With the emergency approval of a COVID-19 vaccine expected before the end of the year, county officials are one step closer to getting ready for mass vaccination planning.
At a meeting on Tuesday (Dec. 1), the Fairfax County Board of Supervisors voted unanimously to accept a $500,000 state grant for the county’s mass vaccination program. Funds will be available through the state’s $22 million Coronavirus Relief Fund, which will be used to create a statewide program to distribute the vaccine, once it is available.
Two companies — Pfizer and Moderna — are awaiting emergency authorizations of their vaccines in the United States. The U.S. Food and Drug and Administration expected to authorize the approvals in mid-December.
The Centers for Disease Control and Prevention’s advisory committee on immunization practices voted earlier this week to make the first priority group health care workers and long-term care residents.
The county’s program also allocates roughly $14 million to help local health districts like the Fairfax Health District prepare for mass vaccination efforts. The grant must be used for facility rental costs, hiring for temporary positions, travel costs, printing, signage, and other expenses related to operating vaccination clinics.
Fairfax County Executive Brian Hill said his health department is actively working on a vaccination plan for the county “as we speak.” He noted that the county’s plan will depend heavily on the state’s strategy and other conditions, including who will receive the vaccine first.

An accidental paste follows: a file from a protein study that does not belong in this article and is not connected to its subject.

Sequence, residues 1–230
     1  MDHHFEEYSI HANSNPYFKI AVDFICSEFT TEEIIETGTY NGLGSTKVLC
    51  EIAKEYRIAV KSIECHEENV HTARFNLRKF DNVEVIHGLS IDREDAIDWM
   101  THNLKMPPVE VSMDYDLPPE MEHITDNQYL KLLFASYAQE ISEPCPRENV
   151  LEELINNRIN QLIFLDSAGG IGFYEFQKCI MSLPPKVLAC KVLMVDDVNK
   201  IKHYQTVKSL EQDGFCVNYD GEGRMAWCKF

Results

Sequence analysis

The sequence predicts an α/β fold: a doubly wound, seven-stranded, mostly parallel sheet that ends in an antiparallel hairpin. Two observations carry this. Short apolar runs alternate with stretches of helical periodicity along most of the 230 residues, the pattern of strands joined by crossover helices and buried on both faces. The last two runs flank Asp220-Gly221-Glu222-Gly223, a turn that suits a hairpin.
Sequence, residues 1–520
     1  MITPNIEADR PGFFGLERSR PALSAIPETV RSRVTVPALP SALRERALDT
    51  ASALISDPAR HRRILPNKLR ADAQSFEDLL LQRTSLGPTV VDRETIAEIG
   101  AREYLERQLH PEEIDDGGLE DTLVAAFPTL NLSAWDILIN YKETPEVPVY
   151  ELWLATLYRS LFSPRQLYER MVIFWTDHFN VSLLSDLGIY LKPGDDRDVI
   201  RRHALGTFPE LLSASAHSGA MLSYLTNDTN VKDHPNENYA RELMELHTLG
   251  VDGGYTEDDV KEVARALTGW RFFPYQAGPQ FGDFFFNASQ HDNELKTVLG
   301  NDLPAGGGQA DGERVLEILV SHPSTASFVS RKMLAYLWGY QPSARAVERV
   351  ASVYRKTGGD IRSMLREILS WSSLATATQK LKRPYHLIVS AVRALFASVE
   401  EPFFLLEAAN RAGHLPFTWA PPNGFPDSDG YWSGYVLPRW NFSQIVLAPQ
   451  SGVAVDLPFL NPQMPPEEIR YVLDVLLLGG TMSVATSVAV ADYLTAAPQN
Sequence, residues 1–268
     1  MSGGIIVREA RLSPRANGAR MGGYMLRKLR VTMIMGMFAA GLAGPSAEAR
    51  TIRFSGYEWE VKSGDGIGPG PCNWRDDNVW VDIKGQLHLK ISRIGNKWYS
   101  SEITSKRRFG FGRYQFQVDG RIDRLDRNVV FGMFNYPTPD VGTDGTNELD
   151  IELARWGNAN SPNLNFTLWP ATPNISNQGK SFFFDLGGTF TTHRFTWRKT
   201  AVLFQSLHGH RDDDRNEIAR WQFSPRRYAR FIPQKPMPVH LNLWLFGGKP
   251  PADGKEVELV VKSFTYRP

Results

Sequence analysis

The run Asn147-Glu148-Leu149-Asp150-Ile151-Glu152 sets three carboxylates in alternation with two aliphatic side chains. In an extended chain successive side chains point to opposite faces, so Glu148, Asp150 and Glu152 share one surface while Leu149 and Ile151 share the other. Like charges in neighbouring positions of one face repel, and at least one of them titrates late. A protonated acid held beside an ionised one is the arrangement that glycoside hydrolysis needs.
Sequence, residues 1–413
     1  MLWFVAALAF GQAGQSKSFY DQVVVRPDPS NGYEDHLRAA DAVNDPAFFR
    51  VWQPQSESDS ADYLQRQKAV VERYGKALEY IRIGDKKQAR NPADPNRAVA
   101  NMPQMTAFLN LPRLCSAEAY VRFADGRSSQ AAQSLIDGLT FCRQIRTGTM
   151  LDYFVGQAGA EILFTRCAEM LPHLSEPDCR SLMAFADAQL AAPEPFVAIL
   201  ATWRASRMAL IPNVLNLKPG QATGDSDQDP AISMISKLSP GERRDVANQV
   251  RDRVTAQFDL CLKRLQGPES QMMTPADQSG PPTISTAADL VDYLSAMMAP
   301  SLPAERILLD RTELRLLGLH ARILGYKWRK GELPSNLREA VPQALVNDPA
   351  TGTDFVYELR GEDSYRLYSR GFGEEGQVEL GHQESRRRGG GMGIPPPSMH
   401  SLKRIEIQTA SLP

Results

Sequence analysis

“Once we know the particulars, we will have a plan in place per the Virginia Department of Health guidelines,” Hill said.
A county-based mass vaccination workgroup has been meeting since mid-June to discuss vaccination plans.
Hunter Mill District Supervisor Walter Alcorn urged the county to provide information on how the plan would be administered. He added that lines for the H1N1 vaccine program rivaled the lines the county recently saw for early voting.
“I just want to make sure we see what the plan is particularly as it relates to logistics,” he said.
Funds from the state grant must be spent by the end of the month, after which point unspent dollars will revert back to the state. However, county staff noted that the federal government could extend the date for the overall program. Acceptance of the grant requires no local match.
State officials are also considering other funding sources to support next year’s vaccination program. The Virginia Department of Health estimates that the program will cost $120 million.
Virginia is expected to get a little over 70,000 doses in the first shipment from Pfizer.
“When our turn comes, my family and I will have no hesitancy about getting vaccinated and I strongly encourage every Virginian to get the vaccine. That is our only path to getting back to that near normal,” Gov. Ralph Northam said in a press briefing yesterday (Wednesday).
Image via Unsplash
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